Local Military News

How a recruit becomes a Marine in 13 weeks

Marine recruit Beth Dailey from Platoon 4007 eyes the finish line at the Field Training Unit's Infiltration Course during Basic Warrior Training. Series 4006, the first female recruit series to participate in BWT, finished the program for enhancing combat skills on March 5, 1988.
Marine recruit Beth Dailey from Platoon 4007 eyes the finish line at the Field Training Unit's Infiltration Course during Basic Warrior Training. Series 4006, the first female recruit series to participate in BWT, finished the program for enhancing combat skills on March 5, 1988. The Beaufort Gazette

In this undated multiple-exposure photo, drill instructors move recruits off the early bus to Marine Corps Recruit Depot Parris Island and arrange them on the famous yellow footprints painted on the pavement.

Above: In this undated multiple-exposure photo, drill instructors move recruits off the early bus to Marine Corps Recruit Depot Parris Island and arrange them on the famous yellow footprints painted on the pavement. (File/The Beaufort Gazette)

 

The phases of Marine Corps recruit training

Phase I: BREAKING THEM DOWN

It starts with yelling.

In the middle of the night, recruits are bused in and “greeted” by receiving drill instructors, who find fault with nearly  everything recruits do. With knocking knees, recruits spend about a week in what is called in-processing, where they are formed into platoons, issued uniforms, given haircuts and undergo initial fitness tests.

From there, they jump into physical training, engage in hand-to-hand combat through the Marines’ martial arts programs and are put through drills on which they later will be timed and tested. There are also classes during which they learn about Marine history, culture and courtesies.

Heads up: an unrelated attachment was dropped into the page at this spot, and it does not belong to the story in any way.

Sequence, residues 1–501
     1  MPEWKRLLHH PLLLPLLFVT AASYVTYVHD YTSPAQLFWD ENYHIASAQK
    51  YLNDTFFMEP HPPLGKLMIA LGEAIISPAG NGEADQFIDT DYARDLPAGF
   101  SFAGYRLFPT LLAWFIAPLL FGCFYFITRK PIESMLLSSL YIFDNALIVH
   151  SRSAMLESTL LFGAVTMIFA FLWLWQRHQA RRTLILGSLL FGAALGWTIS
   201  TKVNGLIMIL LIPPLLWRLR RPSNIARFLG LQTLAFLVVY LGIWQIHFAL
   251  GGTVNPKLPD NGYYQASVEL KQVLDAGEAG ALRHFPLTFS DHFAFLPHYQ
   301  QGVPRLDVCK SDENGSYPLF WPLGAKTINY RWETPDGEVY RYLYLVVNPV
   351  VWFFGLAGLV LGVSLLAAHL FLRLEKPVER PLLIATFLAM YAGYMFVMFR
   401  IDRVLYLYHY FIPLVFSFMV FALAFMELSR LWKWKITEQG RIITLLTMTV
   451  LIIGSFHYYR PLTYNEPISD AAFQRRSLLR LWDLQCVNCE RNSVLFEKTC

It ends with Swim Week. Some recruits learn to swim, and others hone their aquatic skills. By the end, they’re leaping into deep water and treading in full gear.



Above: Swim week at Parris Island. (MCRDPI photo)

 

Phase II: BUILDING THEM UP

Most recruits have never fired a weapon.

That changes in a long grass field near the estuaries of Ribbon Creek.

Recruits spend a full week — called Grass Week — learning proper shooting form and targeting before they ever fire a round from their M16A4s. They spend another week shooting, building up to the Table 1 Marksmanship test, where they take aim at long-distance targets from several positions.

Of those who have shot before, only a small number approach the shooting form the Marine Corps teaches,  according to drill instructor Sgt. Elton Langlais.

“It’s a different way of shooting,” Langlais said. “For those who have shot weapons before, this is about removing bad habits and teaching them how to properly employ the weapon.”

This phase also includes more physical training, how to rappel properly and use a gas mask.

 

Above: Gas mask training. (MCRDPI photo)

A company commander, a first sergeant, and a recent graduate (with honors) share what the U.S. Marine Corps' three core values mean to them.

Phase III: Becoming Marines

In the final phase of recruit training, Marine recruits are tested physically and mentally on all they’ve learned.

“There’s way more of a mental aspect than I thought,” said recruit Brandt Edler of Beaver, Ohio.

That includes more complex marksmanship, survival skills in combat, land navigation and maneuvering under enemy fire.

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The final test is the Crucible, a grueling three-day exercise that earns the recruits the right to be called Marines.

From there, it’s graduation day and reuniting with families, who are amazed at the U.S. Marine who stands before them.

The new Marines get 10 days of leave before reporting to Camp Lejeune, N.C., for more training and then to their respective military occupational specialty schools across the country.

Photos taken of Marines going through the Day Movement Course portion during the Crucible on Sept. 25, 2015 at the Marine Corps Recruit Depot Parris Island.

Above: Recruits going through the Day Movement Course portion of the Crucible on Sept. 25, 2015, at the Marine Corps Recruit Depot Parris Island. (Delayna Earley/dearley@islandpacket.com) A US Marine stands holding a Eagle, Globe and Anchor emblem following a post-Crucible ceremony.

Above: A US Marine stands holding a Eagle, Globe and Anchor emblem following a post-Crucible ceremony. (MCRDPI photo)

Follow reporter Matt McNab on Twitter at twitter.com/IPBG_Matt.

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